Learning from Raiders of the Lost Ark

by Andy Polaine on September 29, 2014

in Book, Film, General

I’m in the research phase for a book project that looks at how and what designers and organisations—particularly those involved in service design or complex projects—can learn from filmmakers.

In the words of Peter Sellers Michael Caine, not a lot of people know that I studied film as an undergraduate and carried on until my final year until I was fully sidetracked by interactive media. But the filmmaking process has always played a big role in the way I think about how multi-disciplinary groups of people can best work together creatively.

More on that in the future, but right now the area I am researching is storyboarding. I frequently teach groups of self-proclaimed non-drawers how to storyboard in workshops so that they can pitch their service propositions and ideas. Working visually with a sequence of images on sticky-notes on the wall is a much quicker and better way of walking through what a service experience might look and feel like than just using text. As you move your eyes across the touchpoint sketches, you build your own mini mental storyboard of the user/customer journey.

To combat the “I can’t draw” panic that many people have, I regularly use Pixar Story Artist Emma Coates’ great technique of drawing from films. You take a film, such as Raiders of the Lost Ark and freeze-frame every time the shot changes. Then you sketch a thumbnail of the shot as quickly as possible. I give my workshop participants about 10-20 seconds.

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At that speed, everyone draws equally bad (or good, depending on your point of view). I have done this with mixed groups, often with illustrators in the mix, and the previous skill level has little to do with the final result. In fact, sometimes those trained to draw well have a problem letting go and drawing rough. The key skill is being able to see which elements are important and which are not. That’s a skill that is useful in many other contexts.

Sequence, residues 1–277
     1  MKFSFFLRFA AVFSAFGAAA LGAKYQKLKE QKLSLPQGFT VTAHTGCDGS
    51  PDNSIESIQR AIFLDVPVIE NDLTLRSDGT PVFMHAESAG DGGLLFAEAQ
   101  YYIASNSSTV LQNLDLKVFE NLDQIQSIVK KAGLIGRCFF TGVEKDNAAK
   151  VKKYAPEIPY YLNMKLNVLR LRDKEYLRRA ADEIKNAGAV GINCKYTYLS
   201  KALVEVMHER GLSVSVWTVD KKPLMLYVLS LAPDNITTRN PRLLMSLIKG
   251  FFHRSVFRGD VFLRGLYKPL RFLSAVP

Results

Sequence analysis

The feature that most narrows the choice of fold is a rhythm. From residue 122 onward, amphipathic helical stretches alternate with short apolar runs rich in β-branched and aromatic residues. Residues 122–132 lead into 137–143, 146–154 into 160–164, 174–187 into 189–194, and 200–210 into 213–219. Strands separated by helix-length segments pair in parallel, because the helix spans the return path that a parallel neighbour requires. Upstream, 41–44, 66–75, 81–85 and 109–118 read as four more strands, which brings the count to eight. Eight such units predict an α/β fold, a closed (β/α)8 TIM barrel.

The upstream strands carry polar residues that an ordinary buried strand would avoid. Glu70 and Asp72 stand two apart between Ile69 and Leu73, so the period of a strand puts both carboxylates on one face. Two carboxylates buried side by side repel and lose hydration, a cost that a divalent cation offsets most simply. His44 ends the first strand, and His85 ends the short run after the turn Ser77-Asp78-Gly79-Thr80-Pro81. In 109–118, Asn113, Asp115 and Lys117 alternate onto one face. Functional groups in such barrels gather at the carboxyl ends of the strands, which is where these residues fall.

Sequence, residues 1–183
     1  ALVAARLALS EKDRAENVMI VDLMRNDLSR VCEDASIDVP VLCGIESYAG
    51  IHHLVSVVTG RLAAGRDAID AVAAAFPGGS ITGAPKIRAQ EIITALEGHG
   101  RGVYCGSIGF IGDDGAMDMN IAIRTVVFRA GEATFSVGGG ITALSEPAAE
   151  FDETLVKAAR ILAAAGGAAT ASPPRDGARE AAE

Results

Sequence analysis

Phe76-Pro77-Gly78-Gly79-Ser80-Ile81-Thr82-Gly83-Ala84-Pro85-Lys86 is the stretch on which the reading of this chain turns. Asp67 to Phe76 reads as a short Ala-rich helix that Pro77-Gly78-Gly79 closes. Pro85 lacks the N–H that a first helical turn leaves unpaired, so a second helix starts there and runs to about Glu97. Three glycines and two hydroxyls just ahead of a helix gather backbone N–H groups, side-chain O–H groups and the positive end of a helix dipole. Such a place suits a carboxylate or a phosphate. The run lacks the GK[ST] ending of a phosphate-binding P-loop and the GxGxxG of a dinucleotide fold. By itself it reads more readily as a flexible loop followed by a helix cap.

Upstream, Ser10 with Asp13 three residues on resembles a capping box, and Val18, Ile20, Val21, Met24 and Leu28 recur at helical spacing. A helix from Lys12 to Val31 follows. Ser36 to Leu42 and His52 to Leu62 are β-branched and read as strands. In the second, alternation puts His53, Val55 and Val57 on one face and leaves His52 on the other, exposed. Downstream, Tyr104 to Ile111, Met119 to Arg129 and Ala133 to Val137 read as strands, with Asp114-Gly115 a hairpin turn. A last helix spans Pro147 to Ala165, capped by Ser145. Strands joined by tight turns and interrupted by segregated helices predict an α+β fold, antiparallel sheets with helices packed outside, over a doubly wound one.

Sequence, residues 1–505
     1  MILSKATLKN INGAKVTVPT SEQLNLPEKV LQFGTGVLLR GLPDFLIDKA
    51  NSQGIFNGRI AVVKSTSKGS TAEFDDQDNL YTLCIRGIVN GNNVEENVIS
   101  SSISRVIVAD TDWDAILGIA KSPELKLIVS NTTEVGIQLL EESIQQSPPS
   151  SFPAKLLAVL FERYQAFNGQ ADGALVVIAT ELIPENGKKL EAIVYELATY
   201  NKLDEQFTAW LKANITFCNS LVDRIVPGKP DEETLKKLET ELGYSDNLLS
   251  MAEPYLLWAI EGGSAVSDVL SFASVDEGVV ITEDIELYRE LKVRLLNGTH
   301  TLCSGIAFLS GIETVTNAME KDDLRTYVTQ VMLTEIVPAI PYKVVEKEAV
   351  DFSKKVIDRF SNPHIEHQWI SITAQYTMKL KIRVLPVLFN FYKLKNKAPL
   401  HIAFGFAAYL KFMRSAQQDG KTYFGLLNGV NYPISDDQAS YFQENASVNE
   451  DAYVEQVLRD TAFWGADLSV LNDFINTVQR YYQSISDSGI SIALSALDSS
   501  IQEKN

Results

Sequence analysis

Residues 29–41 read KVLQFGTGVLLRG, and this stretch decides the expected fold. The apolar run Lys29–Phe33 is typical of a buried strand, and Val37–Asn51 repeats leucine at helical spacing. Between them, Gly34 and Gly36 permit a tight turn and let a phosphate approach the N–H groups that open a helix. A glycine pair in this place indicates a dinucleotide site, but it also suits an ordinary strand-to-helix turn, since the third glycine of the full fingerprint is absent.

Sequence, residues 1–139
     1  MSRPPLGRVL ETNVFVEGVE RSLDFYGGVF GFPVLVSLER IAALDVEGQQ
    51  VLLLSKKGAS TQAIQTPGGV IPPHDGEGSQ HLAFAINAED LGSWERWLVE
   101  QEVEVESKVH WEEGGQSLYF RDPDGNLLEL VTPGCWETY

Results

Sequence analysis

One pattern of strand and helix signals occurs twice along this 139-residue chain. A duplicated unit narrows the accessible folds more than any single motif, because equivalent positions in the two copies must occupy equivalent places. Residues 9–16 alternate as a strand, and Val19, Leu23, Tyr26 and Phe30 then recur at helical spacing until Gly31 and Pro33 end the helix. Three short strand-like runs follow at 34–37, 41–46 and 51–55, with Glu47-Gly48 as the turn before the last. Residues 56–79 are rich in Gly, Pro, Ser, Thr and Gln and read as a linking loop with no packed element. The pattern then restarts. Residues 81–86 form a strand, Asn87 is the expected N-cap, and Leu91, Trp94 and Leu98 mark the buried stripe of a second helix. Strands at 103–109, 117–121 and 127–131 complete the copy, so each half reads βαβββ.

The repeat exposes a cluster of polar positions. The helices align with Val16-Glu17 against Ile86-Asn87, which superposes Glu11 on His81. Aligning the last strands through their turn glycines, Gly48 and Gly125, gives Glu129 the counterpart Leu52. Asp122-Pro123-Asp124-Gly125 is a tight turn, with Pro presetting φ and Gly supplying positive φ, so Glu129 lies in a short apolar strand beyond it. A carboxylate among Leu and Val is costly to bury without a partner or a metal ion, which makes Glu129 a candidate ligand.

As it is for Emma, Raiders of the Lost Ark is a classic youth memory of mine and remains one of my favourite films in terms of structure and staging. Thanks to its heritage from melodramatic Sunday afternoon matinee movies, the staging and framing are really clear to sketch.

Filmmaker Steven Soderbergh recently posted an exercise also using Raiders as an example to look at staging:

I want you to watch this movie and think only about staging, how the shots are built and laid out, what the rules of movement are, what the cutting patterns are. See if you can reproduce the thought process that resulted in these choices by asking yourself: why was each shot—whether short or long—held for that exact length of time and placed in that order? Sounds like fun, right? It actually is. To me.

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Cool, that Soderbergh posts about this, but even cooler is that he made a black and white version with the soundtrack stripped out of it for the exercise. It’s great, go take a look.

For some extra goodies, check out these:

UX Week 2014 Blueprinting Workshop

by Andy Polaine on September 10, 2014

in General

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Hint: The future of air travel is not this

If you’re here, you were probably at my workshop on Developing Services with Service Blueprinting for UX Week 2014 or someone pointed you here.

By the end of the week, I’ll post my slides here, but for the moment, you can download the following: Update – The slides are here now too:

Some links

Brief: The future of air travel

From its early days of luxury for the few, air travel has become commonplace. Cheaper fares from low-budget airlines have made air travel as affordable as taking the train, sometimes more so. At the same time, security theatre and the complexity of multiple third-party services have made flying a series of irritations that lead to a frustrating experience. We rush from one stage to the next only to wait around for ages. We are sold poor quality food at high prices and directed through duty-free shopping malls to appease our boredom and encourage us to consume. Airports have lost any sense of adventure and engaging experience they once had. As fuel prices will inevitably rise, it is clear that the days of budget air travel are numbered. What happens then?

You brief is simple: reinvent the experience of air travel for 2030. This is just 16 years from now, so no flying cars or Star Trek transporters, but enough time for innovations in communications and customer experiences, as well as the reduction of resource consumption, to become the norm.

Here are some questions to get you started: